How NOBL Beverages is Spearheading Sustainability and Philanthropy with their Support of The Water Project


Wednesday, May 29th, 2024

Recently, I sat down with Andy Upton from NOBL Beverages, a supporter of The Water Project (TWP), to discuss their passion for helping people and the planet.

They support TWP through their WTR4 program, which funds charity initiatives by selling low-cost canned water. With such a genius idea (everyone needs water, and cans are infinitely recyclable), I was curious to hear about the thinking behind the program — and what else this sustainability-minded brand has been up to.

NOBL’s WTR4 line.

Jamie (TWP): What are some of the sustainability initiatives you’ve undertaken at NOBL?

Andy (NOBL): Once I started working here, I really felt like I was seeing a lot of waste in the beverage industry. And once you start to see beverage manufacturing, you’re like, whoa. 

We started out doing kegs. Just the idea of serving coffee in bulk in kegs that are infinitely reusable got me interested. We sell in kegs, and then people can obviously [refill them] as needed. Then we bring the keg back and we wash it. We have kegs we’ve had for seven, eight years — since the beginning. They don’t go bad. They’re just stainless, so. 

So, we decided to do cans for all of our coffees and our teas. This way, we’re keeping with that sustainability, because cans are so much more recyclable than plastic, and so much more recycled than plastic, really, too. None of the waste companies recycle [plastic]. It’s a really low number — below 10% — whereas aluminum is infinitely recyclable. It takes a lot of energy to make [an aluminum can], but once it’s made, it doesn’t take as much energy to keep reusing it.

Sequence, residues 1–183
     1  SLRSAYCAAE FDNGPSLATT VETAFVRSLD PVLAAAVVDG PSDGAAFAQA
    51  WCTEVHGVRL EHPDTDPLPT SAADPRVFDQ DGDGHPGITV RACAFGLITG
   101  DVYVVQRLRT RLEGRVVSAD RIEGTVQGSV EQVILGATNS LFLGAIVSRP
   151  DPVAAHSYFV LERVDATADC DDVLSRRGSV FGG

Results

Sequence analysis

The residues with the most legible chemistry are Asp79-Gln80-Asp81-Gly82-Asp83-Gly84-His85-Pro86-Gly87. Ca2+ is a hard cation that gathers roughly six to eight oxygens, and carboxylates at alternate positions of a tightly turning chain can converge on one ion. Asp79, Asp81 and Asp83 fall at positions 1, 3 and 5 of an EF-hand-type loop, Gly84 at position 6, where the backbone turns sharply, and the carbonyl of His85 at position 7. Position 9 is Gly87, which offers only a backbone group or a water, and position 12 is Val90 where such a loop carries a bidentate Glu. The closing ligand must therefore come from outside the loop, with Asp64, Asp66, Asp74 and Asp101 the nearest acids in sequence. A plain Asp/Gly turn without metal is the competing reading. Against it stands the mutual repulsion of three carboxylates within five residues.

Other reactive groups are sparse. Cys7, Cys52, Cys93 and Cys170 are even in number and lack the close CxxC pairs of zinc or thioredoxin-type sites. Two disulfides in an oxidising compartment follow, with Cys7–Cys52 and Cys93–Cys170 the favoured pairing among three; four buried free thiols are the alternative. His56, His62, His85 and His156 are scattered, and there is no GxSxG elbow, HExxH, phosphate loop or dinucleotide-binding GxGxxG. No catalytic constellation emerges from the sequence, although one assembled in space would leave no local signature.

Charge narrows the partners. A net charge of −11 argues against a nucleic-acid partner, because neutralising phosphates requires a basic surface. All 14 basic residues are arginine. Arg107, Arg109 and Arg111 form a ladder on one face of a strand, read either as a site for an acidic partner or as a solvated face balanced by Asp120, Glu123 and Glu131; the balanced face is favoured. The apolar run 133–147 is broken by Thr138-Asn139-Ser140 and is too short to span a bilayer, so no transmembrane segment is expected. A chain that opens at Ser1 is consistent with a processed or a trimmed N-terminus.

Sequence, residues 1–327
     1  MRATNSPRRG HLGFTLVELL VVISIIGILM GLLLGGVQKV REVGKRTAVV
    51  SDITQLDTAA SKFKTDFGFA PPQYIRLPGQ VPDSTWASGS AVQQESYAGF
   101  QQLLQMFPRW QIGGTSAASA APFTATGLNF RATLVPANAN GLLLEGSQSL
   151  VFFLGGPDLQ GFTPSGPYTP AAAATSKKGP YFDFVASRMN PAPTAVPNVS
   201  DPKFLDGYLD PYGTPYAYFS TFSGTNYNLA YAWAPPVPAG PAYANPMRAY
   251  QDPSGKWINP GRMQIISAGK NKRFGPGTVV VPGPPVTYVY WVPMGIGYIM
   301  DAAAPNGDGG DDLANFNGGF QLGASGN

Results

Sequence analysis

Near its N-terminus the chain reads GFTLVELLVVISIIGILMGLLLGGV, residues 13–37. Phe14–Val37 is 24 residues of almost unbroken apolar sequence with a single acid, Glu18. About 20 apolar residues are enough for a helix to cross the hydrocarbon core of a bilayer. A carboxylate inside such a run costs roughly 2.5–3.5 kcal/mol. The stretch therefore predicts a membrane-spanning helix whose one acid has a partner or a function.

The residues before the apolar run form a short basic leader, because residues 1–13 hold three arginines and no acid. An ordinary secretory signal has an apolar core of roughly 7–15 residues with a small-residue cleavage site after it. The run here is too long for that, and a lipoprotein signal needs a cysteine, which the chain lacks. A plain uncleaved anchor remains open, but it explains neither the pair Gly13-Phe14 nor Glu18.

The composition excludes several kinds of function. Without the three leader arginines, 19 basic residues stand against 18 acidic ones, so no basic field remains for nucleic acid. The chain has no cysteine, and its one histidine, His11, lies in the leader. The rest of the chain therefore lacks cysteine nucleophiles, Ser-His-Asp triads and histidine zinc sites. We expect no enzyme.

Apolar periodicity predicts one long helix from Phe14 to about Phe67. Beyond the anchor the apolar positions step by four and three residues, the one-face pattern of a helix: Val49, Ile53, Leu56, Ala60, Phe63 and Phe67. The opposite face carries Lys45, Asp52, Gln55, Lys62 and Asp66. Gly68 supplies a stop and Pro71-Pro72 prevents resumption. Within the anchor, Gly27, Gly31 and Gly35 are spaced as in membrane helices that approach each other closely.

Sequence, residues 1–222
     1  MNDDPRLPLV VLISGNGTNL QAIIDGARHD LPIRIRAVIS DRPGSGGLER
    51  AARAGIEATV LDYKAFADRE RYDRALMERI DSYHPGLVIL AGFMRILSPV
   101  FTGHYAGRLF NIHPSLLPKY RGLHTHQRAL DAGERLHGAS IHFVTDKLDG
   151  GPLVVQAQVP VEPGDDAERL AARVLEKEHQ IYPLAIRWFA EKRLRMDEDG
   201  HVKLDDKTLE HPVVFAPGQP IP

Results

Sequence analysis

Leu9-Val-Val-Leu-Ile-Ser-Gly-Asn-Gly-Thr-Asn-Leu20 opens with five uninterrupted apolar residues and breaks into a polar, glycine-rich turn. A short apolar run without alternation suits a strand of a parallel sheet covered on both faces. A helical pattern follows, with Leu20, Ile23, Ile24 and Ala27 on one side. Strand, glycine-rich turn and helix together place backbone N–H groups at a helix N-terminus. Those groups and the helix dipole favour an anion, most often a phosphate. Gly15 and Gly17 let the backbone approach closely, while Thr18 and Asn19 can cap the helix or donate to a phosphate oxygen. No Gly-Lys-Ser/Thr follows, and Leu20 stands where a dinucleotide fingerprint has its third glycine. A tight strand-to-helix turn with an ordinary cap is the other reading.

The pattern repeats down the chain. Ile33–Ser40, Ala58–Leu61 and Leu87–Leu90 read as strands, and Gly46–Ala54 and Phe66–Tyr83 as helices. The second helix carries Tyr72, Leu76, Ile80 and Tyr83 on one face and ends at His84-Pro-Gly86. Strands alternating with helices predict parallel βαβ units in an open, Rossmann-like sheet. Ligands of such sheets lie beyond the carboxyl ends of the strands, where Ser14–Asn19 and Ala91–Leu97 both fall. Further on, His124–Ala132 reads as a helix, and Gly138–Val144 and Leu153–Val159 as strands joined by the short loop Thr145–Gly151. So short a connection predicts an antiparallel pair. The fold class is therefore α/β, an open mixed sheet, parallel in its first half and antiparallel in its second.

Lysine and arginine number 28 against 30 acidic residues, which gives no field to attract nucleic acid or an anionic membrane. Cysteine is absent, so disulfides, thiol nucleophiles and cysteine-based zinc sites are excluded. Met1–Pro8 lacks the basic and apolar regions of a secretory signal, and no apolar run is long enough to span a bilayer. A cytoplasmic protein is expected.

Seeing the increasing amounts of waste around the world was difficult to see, even if it’s not here. We’ve been doing monthly beach cleanups with Surfrider for…I think this is our third year. We pick up hundreds of pounds of trash on the beach. It’s pretty normal that at least every cleanup will be a minimum of 100 pounds of trash and a lot of plastics. And it’s like, man, all this stuff breaks down and is in the sand, and it’s a bit of a yikes moment. So, even if a can gets littered, there’s some good things about cleaning it up, because then you can put it in the recycling, versus all the plastics that break down into these smaller plastics that never break down from there. 

Jamie (TWP): I wanted to ask about your water initiative WTR4, to hear about your thoughts behind starting that and what got you going with that idea. 

Andy (NOBL): Yeah, so it was kind of natural for us. The first WTR4 we did was for Hurricane Ian as a donation because we do a lot of fishing down in Florida. [NOBL’s owner] Connor’s parents live down there. And my parents live down there, too. So we were aware of what was going on in Florida, and that people didn’t have water. There was no water to drink after that hurricane. People didn’t have running water, and even if it was still running, it was all contaminated and gross. So we donated 20,000 cans. 

And that’s what started WTR4, being able to give back something that has inherently become a business. 

Where [other companies] take water that is very, very cheap or almost free, and then [they] put it in a package, charge $2 for it, keep all the money, and put it in a package that deteriorates the earth. It floats in the ocean, washes up on islands, and [they’re] creating this narrative of your own water not being good enough, so you have to drink [theirs]. And it’s super awful to me. 

So what we’re doing is we donate $6 a case and try to sell it really affordably, too, but at the same time, we’re donating a large portion of that. And so we’re not really making money on it. We’re covering our employees getting paid to make it and our material costs, but that’s really it. So it’s not like a “let’s make a bunch of money” thing, because we already have the distribution too.